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Aaron Dollison, 49, grew up in Anchorage and learned to cook from his mother. He went on to cook at Susitna Foods & Spirits and Denny’s, but he learned how to cook in bulk in prison.Dollison said he would never get involved in drugs, but it surrounded him when he was growing up. He got into marijuana, and then cocaine, and then eventually started dealing cocaine, for which Dollison was busted and sentenced to more than 11 years in federal prison. His first stint was at Taft Federal Correction Institution in California, where he eventually became lead cook for 1,800 inmates. Then he cooked as lead cook for 1,600 in Sandstone, Minn. The last leg of his time was in Lompoc federal prison in California, where he was lead cook for 500.After he served his time, Dollison tried to find a job, but no one wanted to give him a second chance -- until he met Michael Bailey, food and facility director of Anchorage nonprofit Bean’s Café.Dollison has now been a chef at Bean’s Cafe for the past year and a half and says he’s happy to wake up at 5 a.m. to get to work: “I love my job.” He recalls a Bean’s fundraiser, The Pour in 2013, as the transformative moment when he knew he was welcome in society again. After much coaxing from colleagues he left the kitchen and walked around the event, talking to heads of banks and lawyers, all of whom made him feel welcome.“Right then, that changed my life,” Dollison said.Now Dollison hopes to be a model for the clients at Bean’s. Some are homeless; others are just down on their luck, he says. Dollison wants to show them that with hard work, determination, and a little encouragement from others, anything is possible.“The majority of these clients, they’re wonderful. We all make mistakes; they’re human just like we are,” Dollison said.“We’re like a big family here because we know each other. It’s great.”Watch this video on Vimeo or YouTube, and be sure to subscribe to our YouTube channel for more great videos. Contact Tara Young at tara(at)alaskadispatch.com.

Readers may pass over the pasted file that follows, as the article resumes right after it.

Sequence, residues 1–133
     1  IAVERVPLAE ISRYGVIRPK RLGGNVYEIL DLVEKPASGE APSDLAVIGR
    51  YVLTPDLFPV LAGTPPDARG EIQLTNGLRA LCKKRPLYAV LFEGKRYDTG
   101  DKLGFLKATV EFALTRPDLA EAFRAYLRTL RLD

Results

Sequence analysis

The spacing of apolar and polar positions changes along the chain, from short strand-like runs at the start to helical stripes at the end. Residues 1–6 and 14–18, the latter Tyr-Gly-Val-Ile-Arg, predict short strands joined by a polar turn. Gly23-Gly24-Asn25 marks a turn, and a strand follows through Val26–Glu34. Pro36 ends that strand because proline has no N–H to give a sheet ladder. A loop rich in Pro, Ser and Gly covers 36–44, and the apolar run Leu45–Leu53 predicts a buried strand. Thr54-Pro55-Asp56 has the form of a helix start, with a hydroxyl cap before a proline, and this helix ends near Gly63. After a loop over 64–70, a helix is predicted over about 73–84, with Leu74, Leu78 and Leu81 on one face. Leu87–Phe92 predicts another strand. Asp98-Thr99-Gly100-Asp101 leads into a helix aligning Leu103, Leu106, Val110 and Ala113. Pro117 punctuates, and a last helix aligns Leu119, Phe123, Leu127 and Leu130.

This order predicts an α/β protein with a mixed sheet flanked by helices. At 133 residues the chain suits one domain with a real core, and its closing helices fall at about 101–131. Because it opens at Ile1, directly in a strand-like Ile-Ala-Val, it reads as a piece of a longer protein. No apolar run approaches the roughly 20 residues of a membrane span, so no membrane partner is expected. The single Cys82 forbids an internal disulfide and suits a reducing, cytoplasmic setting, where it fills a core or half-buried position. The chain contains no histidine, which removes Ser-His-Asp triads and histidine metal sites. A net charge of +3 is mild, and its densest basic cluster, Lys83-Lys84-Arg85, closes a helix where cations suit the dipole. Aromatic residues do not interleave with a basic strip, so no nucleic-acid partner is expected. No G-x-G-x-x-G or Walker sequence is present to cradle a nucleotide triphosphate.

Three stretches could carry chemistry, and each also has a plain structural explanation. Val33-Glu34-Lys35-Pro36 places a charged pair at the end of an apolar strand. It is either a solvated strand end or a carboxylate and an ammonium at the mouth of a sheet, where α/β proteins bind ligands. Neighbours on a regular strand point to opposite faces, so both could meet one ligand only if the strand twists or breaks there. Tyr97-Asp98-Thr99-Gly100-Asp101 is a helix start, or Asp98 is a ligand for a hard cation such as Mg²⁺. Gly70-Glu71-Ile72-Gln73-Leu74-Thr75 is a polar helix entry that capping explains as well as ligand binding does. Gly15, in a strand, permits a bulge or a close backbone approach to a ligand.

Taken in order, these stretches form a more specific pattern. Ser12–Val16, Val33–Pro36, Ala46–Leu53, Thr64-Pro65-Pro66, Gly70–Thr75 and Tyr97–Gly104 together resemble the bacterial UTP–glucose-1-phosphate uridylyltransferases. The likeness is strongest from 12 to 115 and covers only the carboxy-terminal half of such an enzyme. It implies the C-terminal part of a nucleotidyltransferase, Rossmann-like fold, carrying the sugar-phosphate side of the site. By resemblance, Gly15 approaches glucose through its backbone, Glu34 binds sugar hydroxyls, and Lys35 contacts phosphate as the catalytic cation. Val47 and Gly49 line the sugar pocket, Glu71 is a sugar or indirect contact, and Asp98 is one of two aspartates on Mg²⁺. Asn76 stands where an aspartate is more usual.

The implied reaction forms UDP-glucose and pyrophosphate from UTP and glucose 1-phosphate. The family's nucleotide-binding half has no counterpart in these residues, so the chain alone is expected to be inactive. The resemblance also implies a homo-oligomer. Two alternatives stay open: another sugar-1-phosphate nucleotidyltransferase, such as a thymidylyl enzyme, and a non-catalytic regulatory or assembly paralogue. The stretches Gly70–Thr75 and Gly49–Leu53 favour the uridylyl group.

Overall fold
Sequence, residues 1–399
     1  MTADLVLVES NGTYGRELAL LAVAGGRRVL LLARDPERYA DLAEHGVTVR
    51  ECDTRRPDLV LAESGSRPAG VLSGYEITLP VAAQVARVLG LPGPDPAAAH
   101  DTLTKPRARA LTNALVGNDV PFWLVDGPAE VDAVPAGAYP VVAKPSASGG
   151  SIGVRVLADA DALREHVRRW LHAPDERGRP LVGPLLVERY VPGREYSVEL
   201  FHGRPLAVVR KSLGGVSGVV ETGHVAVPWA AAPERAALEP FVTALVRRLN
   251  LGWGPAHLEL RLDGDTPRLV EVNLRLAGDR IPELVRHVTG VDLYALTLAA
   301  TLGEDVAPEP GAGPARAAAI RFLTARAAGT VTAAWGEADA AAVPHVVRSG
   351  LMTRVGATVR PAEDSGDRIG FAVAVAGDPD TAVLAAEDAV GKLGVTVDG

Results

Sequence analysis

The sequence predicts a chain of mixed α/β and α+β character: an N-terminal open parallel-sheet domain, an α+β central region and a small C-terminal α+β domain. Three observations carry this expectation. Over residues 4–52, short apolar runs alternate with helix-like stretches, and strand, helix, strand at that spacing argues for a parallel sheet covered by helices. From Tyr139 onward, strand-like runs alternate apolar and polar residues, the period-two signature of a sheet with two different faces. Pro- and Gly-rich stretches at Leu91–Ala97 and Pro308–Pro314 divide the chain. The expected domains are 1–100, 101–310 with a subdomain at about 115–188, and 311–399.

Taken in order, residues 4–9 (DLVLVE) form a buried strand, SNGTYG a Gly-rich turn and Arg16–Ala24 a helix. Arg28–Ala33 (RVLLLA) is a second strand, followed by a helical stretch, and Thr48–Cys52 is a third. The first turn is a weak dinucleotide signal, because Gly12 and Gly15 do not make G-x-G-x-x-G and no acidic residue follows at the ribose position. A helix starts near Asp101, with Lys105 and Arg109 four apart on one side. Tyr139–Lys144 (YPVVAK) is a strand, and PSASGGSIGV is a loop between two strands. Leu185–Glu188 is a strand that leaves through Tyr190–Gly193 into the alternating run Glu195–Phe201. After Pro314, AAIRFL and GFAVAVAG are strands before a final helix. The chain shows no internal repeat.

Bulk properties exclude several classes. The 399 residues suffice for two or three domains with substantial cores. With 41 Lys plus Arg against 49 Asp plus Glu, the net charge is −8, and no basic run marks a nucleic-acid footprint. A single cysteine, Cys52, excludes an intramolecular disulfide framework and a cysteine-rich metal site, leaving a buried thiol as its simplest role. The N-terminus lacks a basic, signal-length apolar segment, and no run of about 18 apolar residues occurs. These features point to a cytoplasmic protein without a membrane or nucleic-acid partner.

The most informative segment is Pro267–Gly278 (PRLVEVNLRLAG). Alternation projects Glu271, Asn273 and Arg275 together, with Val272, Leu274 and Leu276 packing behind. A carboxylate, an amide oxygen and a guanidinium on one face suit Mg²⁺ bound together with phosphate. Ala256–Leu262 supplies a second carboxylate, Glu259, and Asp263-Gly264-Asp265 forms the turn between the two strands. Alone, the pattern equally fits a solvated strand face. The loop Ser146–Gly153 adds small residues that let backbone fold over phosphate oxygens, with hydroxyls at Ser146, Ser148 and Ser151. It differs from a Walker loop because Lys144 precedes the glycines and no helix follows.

Marc Lester
The Anchorage Curling Club on Government Hill is closed indefinitely because of a the coolant system used to create its two ice sheets is broken.
Mike Dunham
As the curtain comes down on the 2014 theater season, two monologues are among the works that have stuck with me. 
Kim Sunée
By the time New Year’s Eve comes rolling in, if you’re like me, you might be over the meatiness of the holidays. Just in time for New Year’s, some friends shared some of their beautiful fish from this summer’s catch.
Nathaniel Herz
In Anchorage, residents worked, played, relaxed and celebrated on Christmas Day after a morning snow squall gave way to afternoon sun and warmth. 
Alaska Dispatch News
Humpback whales feed in a truly unique way called bubble net feeding. These baleen whales swim in a circle around a school of fish, blowing bubbles to confine the fish. The ring of bubbles encircles the school and eventually the whales break the circle and gulp thousands of fish in one swallow. In this video shot by AkXPro Productions, a pod of humpback whales feeds in Prince William Sound while a drone hovers overhead. 
Alaska Dispatch News

Winter Solstice Sunrise to Sunset in Nome, Alaska

Winter solstice, the darkest day of the year, is particularly dark in the Arctic Circle. Nome, Alaska, situated on the coast of the Bering sea, gets less then four hours of sunlight during winter solstice.Read more: The science of winter solstice
The UAA Cheerleaders performed during the Seawolves' 80-58 home victory over Portland Bible at the Alaska Airlines Center on Wednesday, Dec. 17, 2014.